*Dollar sets 13- month high, euro struggles. LONDON, Aug 27- Copper fell on Wednesday as a firm dollar and the prospect of increasing supply of the metal offset growing confidence in U.S. economic growth.» Read More
Why has Britain managed to boldly go into fiscal territory which the US has hitherto ducked? That is the $800 billion question hanging in the air in New York this weekend, after George Osborne, chancellor, visited the city. The FT reports.
European shares were set to dip on Monday, with investors' nerves rattled by possible escalating tensions in North Korea.
German Chancellor Angela Merkel said on Friday that Europe will do everything to secure the stability of the euro, which has come under pressure in the euro zone debt crisis.
European shares are expected to open flat Friday, though concerns about the euro zone debt crisis linger and could weigh on markets.
European shares were set to open flat to slightly lower Thursday, continuing to pause from strong gains earlier in the week.
Asia’s clean bill of health presents two major opportunities. The first is to re-ignite the drive towards closer economic cooperation that has been stalled since the late 1990s Asian Financial Crisis.
Bond vigilantes will target Portugal and force the country to seek a bailout within a month, but Spain will not need to turn to its European peers for help, Piers Curran, head of trading at Amplify trading told CNBC on Wednesday.
European stocks were indicated to open lower after Moody's put Spain's credit rating on review for a possible downgrade, on worries over the country's debt and funding needs for next year.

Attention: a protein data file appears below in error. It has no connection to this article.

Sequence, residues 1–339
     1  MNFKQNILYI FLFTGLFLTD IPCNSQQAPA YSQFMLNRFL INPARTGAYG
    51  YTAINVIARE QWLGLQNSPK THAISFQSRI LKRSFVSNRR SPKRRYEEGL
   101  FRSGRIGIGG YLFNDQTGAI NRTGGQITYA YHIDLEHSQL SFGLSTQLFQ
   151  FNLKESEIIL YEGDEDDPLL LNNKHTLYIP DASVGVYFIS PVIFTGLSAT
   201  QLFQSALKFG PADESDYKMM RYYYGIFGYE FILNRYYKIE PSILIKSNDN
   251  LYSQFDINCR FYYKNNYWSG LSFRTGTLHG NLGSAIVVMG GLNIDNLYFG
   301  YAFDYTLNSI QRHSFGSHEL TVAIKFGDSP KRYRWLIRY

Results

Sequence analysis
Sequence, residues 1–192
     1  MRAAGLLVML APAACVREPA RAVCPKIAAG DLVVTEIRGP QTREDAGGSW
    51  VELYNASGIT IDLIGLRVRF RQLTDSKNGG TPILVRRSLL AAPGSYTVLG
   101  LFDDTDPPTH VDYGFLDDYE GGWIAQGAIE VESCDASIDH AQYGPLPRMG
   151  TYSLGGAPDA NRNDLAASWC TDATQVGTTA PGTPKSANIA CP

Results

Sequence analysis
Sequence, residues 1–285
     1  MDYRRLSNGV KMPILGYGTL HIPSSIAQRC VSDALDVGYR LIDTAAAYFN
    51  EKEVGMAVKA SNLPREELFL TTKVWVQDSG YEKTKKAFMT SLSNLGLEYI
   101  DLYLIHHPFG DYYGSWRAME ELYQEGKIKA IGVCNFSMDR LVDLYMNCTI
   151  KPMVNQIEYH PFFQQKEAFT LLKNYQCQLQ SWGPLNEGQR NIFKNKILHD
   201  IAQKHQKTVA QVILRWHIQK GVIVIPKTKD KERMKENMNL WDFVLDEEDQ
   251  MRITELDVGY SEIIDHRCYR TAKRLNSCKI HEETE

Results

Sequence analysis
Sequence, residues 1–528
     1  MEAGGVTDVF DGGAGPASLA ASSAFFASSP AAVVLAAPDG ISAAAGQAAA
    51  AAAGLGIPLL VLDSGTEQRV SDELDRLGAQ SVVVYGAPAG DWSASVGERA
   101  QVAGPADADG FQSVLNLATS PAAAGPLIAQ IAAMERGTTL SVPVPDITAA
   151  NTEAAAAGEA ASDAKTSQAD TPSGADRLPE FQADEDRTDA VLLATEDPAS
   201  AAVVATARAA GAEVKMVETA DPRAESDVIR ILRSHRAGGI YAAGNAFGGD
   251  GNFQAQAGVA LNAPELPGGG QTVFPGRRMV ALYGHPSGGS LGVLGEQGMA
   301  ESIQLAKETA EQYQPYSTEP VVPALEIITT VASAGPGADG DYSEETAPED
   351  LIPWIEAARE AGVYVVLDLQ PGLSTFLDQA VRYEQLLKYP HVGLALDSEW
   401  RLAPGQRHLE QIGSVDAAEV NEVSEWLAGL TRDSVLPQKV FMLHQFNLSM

The risks of debt deflation and disorderly sovereign and private-sector defaults are rising because policymakers are pressing ahead with spending cuts and raising taxes before seeing strong signs of an economic recovery, economist Nouriel Roubini wrote in a commentary piece for Project Syndicate.
Standard & Poor's has warned that Belgium may have its credit rating downgraded within six months in light of the country's ongoing political deadlock.
European investors were set to take a wait-and-see approach to start Tuesday, with indications of little change to major markets at the opening bell.
China’s inflation is soaring, Democrats in Congress are likely to pass the tax cut extension and spending bill, the FOMC meets this week, European Union leaders will also meet this week and what has everyone so bullish? Here's what you need to know for this week.
Europe was nowhere near ready for the euro when it was introduced in 1999 and the sovereign debt crisis has proven critics of a one-size-fits-all monetary policy right, London mayor Boris Johson wrote in an opinion piece for UK newspaper The Daily Telegraph on Monday.
Perhaps there’s a lesson to be learned from the Germans whose economy has bounced back from the recession quicker that the US’s and who have a workforce that is, largely, working.
European shares looked set to extend their winning streak to a fifth session Friday as investor sentiment got a boost from positive economic data from the U.S.
European stocks looked set to continue the strong performance of the previous session at the open Thursday as commodities regained strength and boosted the major indexes.
Will the euro zone survive in its current form? Martin Wolf addresses this question by considering three more issues in the Financial Times.
European stock index futures pointed to a lower open on Wednesday, with stocks poised to halt a week-long rally, mirroring a mixed session on Wall Street.
A group of activists in Paris have emptied their bank accounts after a call by French sports icon Eric Cantona to protest practices by leading banks.
Some countries in Western Europe are bankrupt or are having serious liquidity problems and they should be allowed to restructure their debt, famous investor Jim Rogers told CNBC Tuesday.